Top 50 Hokie Spotlight: Liviu Librescu
Liviu Librescu is not a famous athlete, CEO, or media personality. There are no pictures of him on the soda cups in Lane Stadium or Cassell Coliseum. There are no shirts in the bookstore sold with his name on them. However, after learning about his heroic sacrifice, perhaps there should be.
Librescu was born on August 18, 1930 in Ploiesti, Romania to a Jewish family. After World War II broke out, Romania aligned itself with Nazi Germany, and Librescu and the rest of his family were sent to a labor camp in Transnistria, a Romanian-controlled territory. Him and thousands of other Jews were later deported to a ghetto in Focșani, Romania.
After surviving the Holocaust Librescu studied aerospace engineering at the Polytechnic University of Bucharest in Communist Romania. He then went on to get his Ph.D. in fluid mechanics at the Academia de Științe din România.
During this time, Librescu refused to swear his allegiance to the Communist Party in Romania, and was thus forced out of Romanian academia because of his sympathies towards Israel. Librescu was even forced to work in secret and smuggle research he wanted to have published to other countries because his government wouldn’t let his work see the light of day. In 1976, Librescu published a smuggled research manuscript in the Netherlands, which brought him international praise in the field of material dynamics.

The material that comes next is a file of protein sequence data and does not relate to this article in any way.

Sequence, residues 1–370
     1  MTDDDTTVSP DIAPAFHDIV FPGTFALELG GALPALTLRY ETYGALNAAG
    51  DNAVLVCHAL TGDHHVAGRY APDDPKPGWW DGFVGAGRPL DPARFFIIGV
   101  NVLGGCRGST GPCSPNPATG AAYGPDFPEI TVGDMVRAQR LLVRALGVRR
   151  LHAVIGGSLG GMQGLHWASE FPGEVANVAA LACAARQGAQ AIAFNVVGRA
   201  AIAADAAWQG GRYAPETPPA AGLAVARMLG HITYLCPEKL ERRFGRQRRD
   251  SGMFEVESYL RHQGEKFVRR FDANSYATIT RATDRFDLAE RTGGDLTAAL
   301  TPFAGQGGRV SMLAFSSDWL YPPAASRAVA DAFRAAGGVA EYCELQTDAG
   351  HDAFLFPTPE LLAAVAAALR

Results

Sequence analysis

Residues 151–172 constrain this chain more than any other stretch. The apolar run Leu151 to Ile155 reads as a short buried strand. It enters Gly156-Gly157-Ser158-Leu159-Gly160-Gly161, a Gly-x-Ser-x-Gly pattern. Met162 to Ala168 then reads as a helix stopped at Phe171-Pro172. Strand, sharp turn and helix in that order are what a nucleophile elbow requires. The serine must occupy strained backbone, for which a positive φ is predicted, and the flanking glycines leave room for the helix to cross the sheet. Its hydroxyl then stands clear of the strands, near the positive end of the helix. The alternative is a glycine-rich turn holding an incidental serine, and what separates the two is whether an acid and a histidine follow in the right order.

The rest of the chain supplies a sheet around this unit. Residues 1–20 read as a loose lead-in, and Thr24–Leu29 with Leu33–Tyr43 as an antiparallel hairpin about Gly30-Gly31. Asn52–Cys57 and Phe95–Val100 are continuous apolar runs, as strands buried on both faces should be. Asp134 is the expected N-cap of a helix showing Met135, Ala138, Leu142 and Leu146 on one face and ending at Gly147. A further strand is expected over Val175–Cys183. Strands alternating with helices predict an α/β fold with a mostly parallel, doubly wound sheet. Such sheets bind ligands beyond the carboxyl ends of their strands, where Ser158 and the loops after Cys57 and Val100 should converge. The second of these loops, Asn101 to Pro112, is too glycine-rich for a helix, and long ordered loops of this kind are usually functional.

After years of attempting to emigrate to Israel, he was finally granted permission in 1978, after the Prime Minister of Israel had to personally intervene.
It was in Israel where Librescu’s new life really took off. He served as a Professor of Aeronautical and Mechanical Engineering at Tel Aviv University for seven years. During that time, in 1985, Librescu took a sabbatical to the United States, where he served as a Professor at Virginia Tech in the Department of Engineering Science and Mechanics. After this brief 1-year role, him and his family decided to stay in Blacksburg, where he became one of the most respected professors and researchers in the field of aeronautical engineering and received hundreds of honors and rewards for his research.
On April 16, 2007, at age 76, Librescu was teaching a solid mechanics class in Norris Hall when a gunman entered the building and tried to get into Librescu’s classroom. Librescu instructed all the students to open the windows to escape while he held the door closed. Librescu was shot five times while barricading the door so his students could escape. Of the 23 students in his class, all but one escaped to safety due to Librescu’s heroic actions. He died while holding the door closed in what became one of the worst mass shootings in history, but not before saving 22 souls.
Librescu’s sacrifice was honored around the world. A memorial was constructed for mourning in his native Romania at his alma mater the Polytechnic University of Bucharest and, less than 2 weeks after the shooting, on Holocaust Remembrance Day, President George W. Bush honored Librescu at a memorial service held at the US Holocaust Museum. A street in front of the U.S. Embassy in Bucharest was named in his honor and at his funeral his wife, Marlena, was presented with the Grand Cross of Romania, which is the nation’s highest civilian honor.
His name can be found on one of the stones, with the other April 16 victims, at the memorial on Virginia Tech’s drillfield in front of Burruss Hall, as well as the “Dr. Liviu Librescu Student Engagement Center” inside Norris Hall.
Liviu Librescu is survived by his wife, Marlena, and two sons, Joseph and Arieh.